French government survives no-confidence vote over labor law


French Prime Minister Manuel Valls delivers a speech during the labor law debate at the national assembly in Paris, , May 12, 2016. (AP photo)

The government of French Prime Minister Manuel Valls has survived a parliament no-confidence vote staged by controversial labor reforms.
On Thursday, some 246 lawmakers in the lower house of parliament voted in favor of the bill, below the minimum of 288 votes required for the no-confidence motion to bring down the government.
The contested labor reform will now be debated at the Senate but it still faces several major hurdles before it is adopted.
If adopted, the new law will affect the power of labor unions, the rules on firing staff, and the length of the working week as it includes longer workdays, easier layoffs and weaker unions.
The French premier has backed his government’s labor reform law, saying he is proud of the legislation because it will help “social progress” and it is an “indispensable reform” in a globalized world.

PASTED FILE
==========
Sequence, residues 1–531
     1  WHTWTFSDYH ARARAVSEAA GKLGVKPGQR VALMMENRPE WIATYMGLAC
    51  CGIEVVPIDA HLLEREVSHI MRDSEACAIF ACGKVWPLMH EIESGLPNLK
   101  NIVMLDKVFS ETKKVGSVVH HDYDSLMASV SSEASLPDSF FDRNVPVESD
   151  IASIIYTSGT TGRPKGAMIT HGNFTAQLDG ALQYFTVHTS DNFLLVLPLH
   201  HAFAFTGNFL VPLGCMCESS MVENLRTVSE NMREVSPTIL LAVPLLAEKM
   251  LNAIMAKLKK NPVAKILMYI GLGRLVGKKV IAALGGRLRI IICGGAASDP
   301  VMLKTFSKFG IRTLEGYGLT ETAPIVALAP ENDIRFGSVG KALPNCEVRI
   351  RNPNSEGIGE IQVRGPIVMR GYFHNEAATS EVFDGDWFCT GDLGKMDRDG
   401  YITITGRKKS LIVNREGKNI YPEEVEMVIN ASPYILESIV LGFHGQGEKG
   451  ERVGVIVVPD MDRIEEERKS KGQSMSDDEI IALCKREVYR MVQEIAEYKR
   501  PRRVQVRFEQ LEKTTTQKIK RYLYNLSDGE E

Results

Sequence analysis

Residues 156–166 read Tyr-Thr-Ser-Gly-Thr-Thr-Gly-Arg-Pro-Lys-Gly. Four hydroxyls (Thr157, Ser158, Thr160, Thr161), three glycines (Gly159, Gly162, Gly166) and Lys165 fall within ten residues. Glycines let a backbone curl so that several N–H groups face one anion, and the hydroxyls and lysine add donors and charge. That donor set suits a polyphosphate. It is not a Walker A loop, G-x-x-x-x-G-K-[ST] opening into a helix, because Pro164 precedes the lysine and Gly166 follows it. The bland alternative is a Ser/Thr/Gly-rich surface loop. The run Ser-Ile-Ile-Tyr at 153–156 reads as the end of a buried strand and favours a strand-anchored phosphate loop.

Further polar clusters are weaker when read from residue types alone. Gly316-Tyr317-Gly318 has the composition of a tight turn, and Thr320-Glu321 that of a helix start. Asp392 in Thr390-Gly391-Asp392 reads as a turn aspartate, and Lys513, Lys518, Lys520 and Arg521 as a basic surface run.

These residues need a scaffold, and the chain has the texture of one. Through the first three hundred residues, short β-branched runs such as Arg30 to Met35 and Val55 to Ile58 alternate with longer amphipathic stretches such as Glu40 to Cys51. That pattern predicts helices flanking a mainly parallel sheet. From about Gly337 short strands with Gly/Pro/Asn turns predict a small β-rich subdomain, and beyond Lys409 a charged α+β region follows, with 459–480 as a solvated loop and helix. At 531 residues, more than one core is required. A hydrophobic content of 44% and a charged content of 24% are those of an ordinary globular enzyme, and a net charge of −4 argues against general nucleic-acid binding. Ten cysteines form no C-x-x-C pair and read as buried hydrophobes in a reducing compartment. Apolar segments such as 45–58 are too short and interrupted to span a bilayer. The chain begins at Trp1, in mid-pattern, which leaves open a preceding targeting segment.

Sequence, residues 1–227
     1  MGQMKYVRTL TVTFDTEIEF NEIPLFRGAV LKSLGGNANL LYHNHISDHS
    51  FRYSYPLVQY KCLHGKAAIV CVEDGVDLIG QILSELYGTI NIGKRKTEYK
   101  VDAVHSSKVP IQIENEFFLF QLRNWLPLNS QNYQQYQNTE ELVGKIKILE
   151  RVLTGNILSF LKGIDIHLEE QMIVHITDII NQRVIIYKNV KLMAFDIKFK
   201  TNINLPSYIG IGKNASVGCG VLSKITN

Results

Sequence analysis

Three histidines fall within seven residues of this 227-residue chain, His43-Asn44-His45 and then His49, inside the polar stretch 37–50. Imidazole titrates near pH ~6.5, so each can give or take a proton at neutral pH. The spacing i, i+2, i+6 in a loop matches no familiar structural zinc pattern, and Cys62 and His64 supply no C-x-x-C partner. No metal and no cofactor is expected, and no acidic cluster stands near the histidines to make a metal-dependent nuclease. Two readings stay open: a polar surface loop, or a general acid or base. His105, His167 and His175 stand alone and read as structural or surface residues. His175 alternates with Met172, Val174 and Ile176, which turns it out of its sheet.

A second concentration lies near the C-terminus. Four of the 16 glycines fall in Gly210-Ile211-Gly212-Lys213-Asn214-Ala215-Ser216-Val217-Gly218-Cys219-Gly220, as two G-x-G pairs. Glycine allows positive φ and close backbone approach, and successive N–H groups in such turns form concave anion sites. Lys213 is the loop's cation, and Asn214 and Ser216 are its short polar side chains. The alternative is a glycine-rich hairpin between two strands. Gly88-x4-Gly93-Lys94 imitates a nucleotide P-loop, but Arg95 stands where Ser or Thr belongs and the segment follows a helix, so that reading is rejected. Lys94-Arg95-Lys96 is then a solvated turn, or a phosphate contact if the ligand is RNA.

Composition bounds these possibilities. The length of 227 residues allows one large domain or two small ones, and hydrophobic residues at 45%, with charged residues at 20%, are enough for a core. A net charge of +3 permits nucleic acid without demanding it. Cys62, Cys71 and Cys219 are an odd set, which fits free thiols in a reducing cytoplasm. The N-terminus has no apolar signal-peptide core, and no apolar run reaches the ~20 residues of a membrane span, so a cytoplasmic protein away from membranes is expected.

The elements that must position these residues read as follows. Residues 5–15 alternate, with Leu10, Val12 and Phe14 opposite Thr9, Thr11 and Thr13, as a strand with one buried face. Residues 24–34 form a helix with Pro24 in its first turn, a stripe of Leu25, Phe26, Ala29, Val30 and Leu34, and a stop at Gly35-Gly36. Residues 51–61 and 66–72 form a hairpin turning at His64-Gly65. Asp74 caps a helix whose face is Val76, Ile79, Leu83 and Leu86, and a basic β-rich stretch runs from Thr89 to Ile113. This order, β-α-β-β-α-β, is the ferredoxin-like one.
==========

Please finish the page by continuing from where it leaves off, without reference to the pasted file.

French President Francois Hollande has also backed the legislation, saying the government’s labor reform aims to protect workers’ rights.
He has also insisted that the reform wouldn’t put at risk workers’ protection legislation.
Meanwhile, Christian Jacob, the head of the opposition conservatives in the lower house of parliament, criticized the legislation as “empty”, arguing that it will fail to open up the country’s economy.

A masked demonstrator throws a tear gas canister during a clash with police, after a demonstration in Marseille, southern France, May 12, 2016. (AP photo)

Thousands of angry protesters have held fresh nationwide demonstrations called by workers unions against the government’s decision.
More street protests and strikes are also planned next week.

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